News » Cover Stories

Grape expectations

by

comment
HOUSE: Why go to California?
  • HOUSE: Why go to California?

Arkansans will soon be able to bet money in an official state lottery while drinking wine made from an official state grape. This was never possible before.

The 2009 state legislature — a “do-everything” legislature, one might say — not only established procedures for operation of the state lottery that voters authorized last fall, and which is expected to come on-line later this year, but  also designated the Cynthiana grape as Arkansas's official grape (Act 547 of 2009).

Rep. Beverly Pyle of Cedarville was the chief sponsor of the bill that became Act 547. She acted at the request of a constituent, Audrey House, the owner of Chateau aux Arc vineyards and winery in Altus. Chateau aux Arc (pronounced “Ozark”) is one of several wineries in the area.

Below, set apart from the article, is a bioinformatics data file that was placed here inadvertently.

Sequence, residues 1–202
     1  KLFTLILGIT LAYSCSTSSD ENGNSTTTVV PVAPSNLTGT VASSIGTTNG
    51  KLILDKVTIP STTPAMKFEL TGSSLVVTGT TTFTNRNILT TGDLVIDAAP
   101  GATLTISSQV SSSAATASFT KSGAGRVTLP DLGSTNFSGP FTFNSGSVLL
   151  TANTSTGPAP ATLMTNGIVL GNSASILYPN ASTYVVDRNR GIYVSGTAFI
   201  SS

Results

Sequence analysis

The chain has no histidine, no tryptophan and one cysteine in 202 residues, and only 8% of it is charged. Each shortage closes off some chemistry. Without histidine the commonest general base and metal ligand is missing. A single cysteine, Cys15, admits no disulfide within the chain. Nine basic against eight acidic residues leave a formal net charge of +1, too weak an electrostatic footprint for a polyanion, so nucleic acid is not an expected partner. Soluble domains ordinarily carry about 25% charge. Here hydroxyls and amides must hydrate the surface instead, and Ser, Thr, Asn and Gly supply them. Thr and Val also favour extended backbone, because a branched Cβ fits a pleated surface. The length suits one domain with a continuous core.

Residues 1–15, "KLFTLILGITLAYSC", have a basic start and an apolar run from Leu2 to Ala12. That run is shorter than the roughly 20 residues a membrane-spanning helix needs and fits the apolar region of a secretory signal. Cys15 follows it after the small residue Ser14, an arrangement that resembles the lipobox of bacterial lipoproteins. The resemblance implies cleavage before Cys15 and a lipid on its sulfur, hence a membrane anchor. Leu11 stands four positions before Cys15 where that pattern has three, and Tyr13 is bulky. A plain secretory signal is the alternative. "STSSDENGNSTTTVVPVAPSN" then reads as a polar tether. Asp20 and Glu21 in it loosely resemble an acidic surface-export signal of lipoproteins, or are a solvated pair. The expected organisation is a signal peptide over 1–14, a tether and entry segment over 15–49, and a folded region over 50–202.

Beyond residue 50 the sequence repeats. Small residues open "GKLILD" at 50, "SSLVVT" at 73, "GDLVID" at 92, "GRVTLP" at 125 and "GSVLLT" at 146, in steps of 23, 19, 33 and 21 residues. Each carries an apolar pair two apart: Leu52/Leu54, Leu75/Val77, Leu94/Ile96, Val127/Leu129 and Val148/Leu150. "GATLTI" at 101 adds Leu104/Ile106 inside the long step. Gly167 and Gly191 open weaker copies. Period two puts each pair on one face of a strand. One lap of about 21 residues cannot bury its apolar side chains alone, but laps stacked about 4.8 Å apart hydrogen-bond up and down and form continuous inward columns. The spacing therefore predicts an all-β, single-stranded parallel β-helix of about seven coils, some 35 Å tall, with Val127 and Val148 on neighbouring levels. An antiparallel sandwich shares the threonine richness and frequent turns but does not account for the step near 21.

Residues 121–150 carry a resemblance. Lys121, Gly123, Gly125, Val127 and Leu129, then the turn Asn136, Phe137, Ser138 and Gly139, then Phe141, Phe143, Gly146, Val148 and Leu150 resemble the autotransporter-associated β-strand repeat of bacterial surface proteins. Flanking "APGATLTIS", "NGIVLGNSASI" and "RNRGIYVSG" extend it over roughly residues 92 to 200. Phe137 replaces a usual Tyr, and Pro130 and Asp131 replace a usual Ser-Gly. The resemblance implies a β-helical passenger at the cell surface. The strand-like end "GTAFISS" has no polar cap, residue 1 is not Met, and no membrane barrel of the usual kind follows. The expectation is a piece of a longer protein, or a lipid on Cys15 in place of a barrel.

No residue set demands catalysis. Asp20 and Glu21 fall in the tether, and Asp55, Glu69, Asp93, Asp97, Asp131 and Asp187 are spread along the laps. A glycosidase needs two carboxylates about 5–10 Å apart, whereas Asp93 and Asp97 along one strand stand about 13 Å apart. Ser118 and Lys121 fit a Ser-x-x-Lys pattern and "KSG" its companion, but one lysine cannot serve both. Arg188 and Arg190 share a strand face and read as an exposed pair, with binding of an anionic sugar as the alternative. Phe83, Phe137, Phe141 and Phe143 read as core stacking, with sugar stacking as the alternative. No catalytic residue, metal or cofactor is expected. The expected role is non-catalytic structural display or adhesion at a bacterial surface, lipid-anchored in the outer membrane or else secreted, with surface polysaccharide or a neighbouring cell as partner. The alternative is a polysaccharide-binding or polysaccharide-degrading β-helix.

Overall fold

House said she sought the legislation to draw attention not only to the Cynthiana grape, but to the Arkansas wine industry. “A lot of Arkansans don't realize we have a treasure in our own back yard,” House said. “You don't have to go to California to visit wine country.” She also said she wanted to get her feet wet in Arkansas government and politics for possible future legislative efforts, such as changing the Arkansas laws governing the shipment of wine.

Another grower and vintner in the Altus area, Michael Post of Mount Bethel Winery, said the Cynthiana is native to Arkansas and Missouri and is “considered by many to be the best native American grape for dry, red, dinner wine.”

The Cynthiana is disease-resistant, Post said, and in the 19th century, the Cynthiana root was used to save European grape crops. That same quality is attracting much notice today, with many nurseries around the country asking for Cynthiana plants and wood. Post fills their requests. He figures that more name recognition for Cynthiana is to his benefit. He has acres of the grape.

“A lot of people want to grow grapes organically,” Post said. “You can grow Cynthiana with very little herbicide or fungicide.”

Cynthiana wine is not yet widely available in Little Rock, at least not that we could find, but the drive up I-40 to the wine country is pleasant. Aux Arc, Bethel and several other wineries offer free tours and wine tastings.   

Add a comment

Clicky